Teen Smoking Cessation Program Sees Major Success

Smoking cessation programs are frequently cited for the difficulties involved in getting smokers to volunteer, as well as to help those with addiction problems overcome the urge to start smoking again. These issues are especially prevalent when working with teenage smokers, so the industry has suggested –and reason would seem to support–. But this may not actually be the case, says a new trial cessation program targeted at high school students.

With an admirably large recruitment group at over two thousand teenagers, the trial set out to test the efficacy of a structured smoking cessation support program, using a number of special checks and a control group to ensure that collected data was as reliable as possible. The trial involved the administration of up to nine personalized and confidential telephone counseling sessions aimed at providing moral and emotional support during the process of quitting. The high school students were recruited during their junior year and were given the telephone treatment over the course of their final year in high school.

The trial enjoyed a remarkable success rate of over twenty one percent in terms of students who had successfully quit over the course of six months, and a fair percentage –about fifty– completed their entire course of telephone counseling regardless of whether they reported six-month cessation or not. The researchers and organizers involved with the study note that the often-referenced difficulty of successfully working with smoking cessation within this age group served as a major impetus for trying the telephone treatment trial. Rather than proving difficult to reach or to recruit, however, the high school students were remarkably receptive of the offer of help. Now that results have showed great potential, further trials will likely be forthcoming.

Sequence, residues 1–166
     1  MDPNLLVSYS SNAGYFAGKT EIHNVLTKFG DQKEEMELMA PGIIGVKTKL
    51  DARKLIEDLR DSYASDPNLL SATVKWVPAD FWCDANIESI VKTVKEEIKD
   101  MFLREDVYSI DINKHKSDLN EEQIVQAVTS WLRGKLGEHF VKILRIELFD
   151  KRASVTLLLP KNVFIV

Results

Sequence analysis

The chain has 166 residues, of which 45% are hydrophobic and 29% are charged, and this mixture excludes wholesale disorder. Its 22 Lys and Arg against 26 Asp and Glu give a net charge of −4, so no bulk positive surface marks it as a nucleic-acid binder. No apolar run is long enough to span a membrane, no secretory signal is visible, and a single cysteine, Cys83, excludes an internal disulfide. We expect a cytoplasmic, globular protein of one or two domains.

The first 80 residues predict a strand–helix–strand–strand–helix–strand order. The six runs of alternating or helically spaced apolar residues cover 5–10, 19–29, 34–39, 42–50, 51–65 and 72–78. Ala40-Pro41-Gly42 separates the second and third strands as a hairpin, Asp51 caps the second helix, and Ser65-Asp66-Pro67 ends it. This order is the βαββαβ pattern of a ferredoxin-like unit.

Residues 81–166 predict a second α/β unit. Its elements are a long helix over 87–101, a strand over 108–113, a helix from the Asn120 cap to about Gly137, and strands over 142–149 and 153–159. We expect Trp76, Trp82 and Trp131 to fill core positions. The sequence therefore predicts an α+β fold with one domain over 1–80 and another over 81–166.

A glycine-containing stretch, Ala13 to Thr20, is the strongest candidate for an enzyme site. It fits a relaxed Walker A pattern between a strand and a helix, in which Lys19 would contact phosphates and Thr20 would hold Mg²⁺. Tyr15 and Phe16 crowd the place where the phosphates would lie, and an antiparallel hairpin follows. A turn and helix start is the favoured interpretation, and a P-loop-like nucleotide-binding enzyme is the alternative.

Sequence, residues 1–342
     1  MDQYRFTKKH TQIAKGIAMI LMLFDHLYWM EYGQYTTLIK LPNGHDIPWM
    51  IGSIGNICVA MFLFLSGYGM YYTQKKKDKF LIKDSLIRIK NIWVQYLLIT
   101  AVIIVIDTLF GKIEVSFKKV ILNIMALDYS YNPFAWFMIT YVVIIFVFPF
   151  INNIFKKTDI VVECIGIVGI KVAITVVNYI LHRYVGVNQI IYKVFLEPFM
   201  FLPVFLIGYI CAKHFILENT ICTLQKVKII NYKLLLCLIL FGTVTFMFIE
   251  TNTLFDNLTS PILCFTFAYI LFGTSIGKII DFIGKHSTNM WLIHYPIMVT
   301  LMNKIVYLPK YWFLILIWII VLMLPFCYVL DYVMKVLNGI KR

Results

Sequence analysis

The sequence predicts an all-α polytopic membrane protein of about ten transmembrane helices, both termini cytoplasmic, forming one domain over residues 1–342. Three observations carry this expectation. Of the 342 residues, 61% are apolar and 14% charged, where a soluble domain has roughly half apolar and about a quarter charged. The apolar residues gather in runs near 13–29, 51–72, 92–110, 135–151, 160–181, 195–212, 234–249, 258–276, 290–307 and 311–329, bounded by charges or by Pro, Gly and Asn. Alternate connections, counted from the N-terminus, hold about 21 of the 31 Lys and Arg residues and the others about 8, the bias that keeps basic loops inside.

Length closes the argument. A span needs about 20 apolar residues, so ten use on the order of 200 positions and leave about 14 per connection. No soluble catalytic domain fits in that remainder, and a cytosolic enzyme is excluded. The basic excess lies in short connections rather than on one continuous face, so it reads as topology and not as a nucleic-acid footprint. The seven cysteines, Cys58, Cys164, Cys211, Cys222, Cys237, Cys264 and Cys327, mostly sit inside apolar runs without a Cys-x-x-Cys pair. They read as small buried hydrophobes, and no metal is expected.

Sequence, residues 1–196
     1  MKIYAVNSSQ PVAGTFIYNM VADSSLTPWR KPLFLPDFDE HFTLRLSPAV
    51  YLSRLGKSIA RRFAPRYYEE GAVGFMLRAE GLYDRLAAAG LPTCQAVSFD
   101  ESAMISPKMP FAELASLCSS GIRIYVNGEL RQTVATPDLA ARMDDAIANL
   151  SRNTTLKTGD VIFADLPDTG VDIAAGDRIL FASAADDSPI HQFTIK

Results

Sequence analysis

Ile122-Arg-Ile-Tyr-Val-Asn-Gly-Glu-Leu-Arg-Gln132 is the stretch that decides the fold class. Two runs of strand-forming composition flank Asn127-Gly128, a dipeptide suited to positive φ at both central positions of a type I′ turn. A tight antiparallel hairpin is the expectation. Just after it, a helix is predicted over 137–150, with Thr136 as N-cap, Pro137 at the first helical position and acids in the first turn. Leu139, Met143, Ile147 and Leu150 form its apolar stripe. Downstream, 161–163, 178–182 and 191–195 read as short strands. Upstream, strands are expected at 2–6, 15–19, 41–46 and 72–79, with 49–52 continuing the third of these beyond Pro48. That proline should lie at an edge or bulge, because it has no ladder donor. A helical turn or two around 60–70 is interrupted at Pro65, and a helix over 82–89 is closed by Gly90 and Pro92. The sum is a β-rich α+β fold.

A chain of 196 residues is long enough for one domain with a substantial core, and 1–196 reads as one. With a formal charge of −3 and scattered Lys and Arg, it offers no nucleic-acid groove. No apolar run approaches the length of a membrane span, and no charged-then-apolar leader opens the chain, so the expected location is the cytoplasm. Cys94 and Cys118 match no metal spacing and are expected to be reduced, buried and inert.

© Copyright 2009 by By John Smith, therapist in Bellingham, Washington. All Rights Reserved. Permission to publish granted to GoodTherapy.org.

The preceding article was solely written by the author named above. Any views and opinions expressed are not necessarily shared by GoodTherapy.org. Questions or concerns about the preceding article can be directed to the author or posted as a comment below.

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  • JACOB K

    JACOB K

    October 26th, 2009 at 10:26 AM

    This is not good new, this is GREAT NEWS!!! 21% is a huge figure… that is over 400 out of two thousand… think of the numbers that would quit if this is actually done on a larger scale…

  • PAUL H

    PAUL H

    October 26th, 2009 at 3:27 PM

    This is encouraging, indeed. Teenagers smoking is a big nuisance and will lead to them being chain-smokers later in life, thereby adding to an already-inflated group of chain-smokers.

    Such findings should be considered and be made into programs if possible.

  • Nikki

    Nikki

    October 26th, 2009 at 3:43 PM

    As the mom of a teenage son who has unfortunately picked up the smoking habit I am so glad to see that there are going to be new programs geared toward this age group. Even though he has not been smoking for all that long I already know that he is addicted and that it is seriously impacting his health. He does not have the energy that he used to have and I know that his stamina has gone down as well. I know that he probably would not be fond of being a part of a program like this but I am sure am happy to know that there is something out there which may can help him quit the habit when the time is right for him. Let’s keep our fingers crossed that he will realize very soon that we have to do something.

  • L Marsh

    L Marsh

    October 27th, 2009 at 4:52 AM